Eventually the world may get to the predicted results of climate change. They are devastating to be sure. But the time scale is so vast it is hard to comprehend and plan for them. According to the IPCC report, the majority of the intense effects of climate change will be observed in 100-plus years. Design and planning of military facilities and equipment are not on that time scale. The defense funding process is not on that time scale. Even our lives are not on that timescale. Consider military planning and strategy in 1915. That was only 12 years after the Wright Brothers’ first powered flight at Kitty Hawk. The U.S. Army was still three years from ordering its first mass produced tank. The USS Skipjack had just been commissioned as the first U.S. submarine to run on diesel engines. Would it have been possible or even practical to conduct military planning in 1915 for 2015? That is a fundamental problem with addressing the influences of climate change. The variables involved in solving the long-term impacts make predictions extremely difficult.

Still, it would be ineffective to contend that DOD does not need to consider the future ramifications of climate change. In fact, the potential impacts can have a major influence on its operations. For example, climate change can effect energy production/security (temperatures rise of 2⁰C to 4⁰C); basing strategies (1-m or more sea level rise); conflict zones (select water scarcity); and peacetime response (extreme weather events). The United States right now may be witnessing climate change impacts that will drive policy decisions in the short term: for instance, the melting polar ice in the Artic and the development of basing, equipment and procedures for that area. Indeed, Executive Order 13514 requires federal agencies to consider long- and short-term effects of climate change.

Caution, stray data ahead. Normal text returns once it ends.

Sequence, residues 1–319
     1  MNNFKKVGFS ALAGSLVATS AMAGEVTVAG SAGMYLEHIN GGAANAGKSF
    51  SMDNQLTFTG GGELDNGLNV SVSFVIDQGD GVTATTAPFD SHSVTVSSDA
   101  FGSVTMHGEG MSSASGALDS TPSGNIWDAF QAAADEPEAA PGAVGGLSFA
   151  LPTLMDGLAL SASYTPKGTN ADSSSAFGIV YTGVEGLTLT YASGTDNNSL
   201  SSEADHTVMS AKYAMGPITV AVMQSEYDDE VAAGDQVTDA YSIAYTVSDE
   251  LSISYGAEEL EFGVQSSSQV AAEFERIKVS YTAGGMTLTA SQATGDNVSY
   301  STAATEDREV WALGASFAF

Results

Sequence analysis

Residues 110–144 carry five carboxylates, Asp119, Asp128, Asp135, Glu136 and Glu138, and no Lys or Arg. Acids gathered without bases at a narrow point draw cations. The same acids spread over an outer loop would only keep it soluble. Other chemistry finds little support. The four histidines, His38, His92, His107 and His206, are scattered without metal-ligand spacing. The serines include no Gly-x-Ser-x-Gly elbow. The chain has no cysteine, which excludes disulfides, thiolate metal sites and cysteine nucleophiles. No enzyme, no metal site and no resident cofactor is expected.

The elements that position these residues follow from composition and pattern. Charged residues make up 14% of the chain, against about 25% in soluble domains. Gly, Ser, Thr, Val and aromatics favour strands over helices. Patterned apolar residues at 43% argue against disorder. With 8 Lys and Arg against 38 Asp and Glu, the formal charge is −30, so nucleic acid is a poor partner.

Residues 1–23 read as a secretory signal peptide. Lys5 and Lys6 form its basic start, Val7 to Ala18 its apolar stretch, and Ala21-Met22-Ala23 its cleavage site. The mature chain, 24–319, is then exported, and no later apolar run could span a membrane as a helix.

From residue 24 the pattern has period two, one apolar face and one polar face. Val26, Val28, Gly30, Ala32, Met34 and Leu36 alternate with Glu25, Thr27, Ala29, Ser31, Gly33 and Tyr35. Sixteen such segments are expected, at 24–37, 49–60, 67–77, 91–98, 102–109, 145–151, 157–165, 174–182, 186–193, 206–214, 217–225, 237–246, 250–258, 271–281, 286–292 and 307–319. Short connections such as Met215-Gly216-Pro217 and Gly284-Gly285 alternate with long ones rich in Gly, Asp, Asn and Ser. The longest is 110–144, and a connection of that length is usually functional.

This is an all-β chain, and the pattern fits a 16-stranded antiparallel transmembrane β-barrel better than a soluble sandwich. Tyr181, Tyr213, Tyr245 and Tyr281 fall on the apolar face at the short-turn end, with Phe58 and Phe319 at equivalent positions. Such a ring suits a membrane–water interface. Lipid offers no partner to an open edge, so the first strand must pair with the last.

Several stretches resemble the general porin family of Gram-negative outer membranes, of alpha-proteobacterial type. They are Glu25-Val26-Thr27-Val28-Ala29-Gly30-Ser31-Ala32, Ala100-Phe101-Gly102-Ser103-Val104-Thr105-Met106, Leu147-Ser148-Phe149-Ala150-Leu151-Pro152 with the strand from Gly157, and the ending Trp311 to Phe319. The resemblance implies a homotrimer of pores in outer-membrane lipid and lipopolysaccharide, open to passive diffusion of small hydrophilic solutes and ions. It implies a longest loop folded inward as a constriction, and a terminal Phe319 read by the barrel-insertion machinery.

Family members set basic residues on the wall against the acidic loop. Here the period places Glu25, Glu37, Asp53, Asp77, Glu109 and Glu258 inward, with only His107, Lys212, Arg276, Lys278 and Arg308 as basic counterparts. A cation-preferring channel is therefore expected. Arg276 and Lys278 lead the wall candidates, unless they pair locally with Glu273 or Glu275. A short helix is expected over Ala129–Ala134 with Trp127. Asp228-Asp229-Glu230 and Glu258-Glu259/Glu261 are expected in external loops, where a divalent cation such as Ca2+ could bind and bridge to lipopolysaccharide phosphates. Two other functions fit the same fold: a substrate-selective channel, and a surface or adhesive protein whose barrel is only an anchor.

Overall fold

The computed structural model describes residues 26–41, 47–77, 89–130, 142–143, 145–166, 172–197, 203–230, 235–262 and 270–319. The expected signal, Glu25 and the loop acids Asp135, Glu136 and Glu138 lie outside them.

DOD is in a unique position to not just consider these effects but to positively influence the future anthropogenic effects on climate change. One highly valuable asset it has is a global network of bases and facilities, which can provide a worldwide resource for climate and building data research. According to a 2014 basing report from the Office of the Secretary of Defense, DOD manages a real estate portfolio of 4,855 sites. These assets span every U.S. state, seven territories and 40 foreign countries.